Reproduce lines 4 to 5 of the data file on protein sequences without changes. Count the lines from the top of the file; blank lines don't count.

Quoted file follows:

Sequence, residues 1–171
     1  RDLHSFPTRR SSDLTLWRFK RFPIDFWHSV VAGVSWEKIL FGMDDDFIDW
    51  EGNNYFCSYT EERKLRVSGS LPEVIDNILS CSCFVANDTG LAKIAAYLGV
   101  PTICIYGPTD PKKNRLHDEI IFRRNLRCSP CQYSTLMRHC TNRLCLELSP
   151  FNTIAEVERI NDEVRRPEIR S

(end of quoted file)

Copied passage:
   101  PTICIYGPTD PKKNRLHDEI IFRRNLRCSP CQYSTLMRHC TNRLCLELSP
   151  FNTIAEVERI NDEVRRPEIR S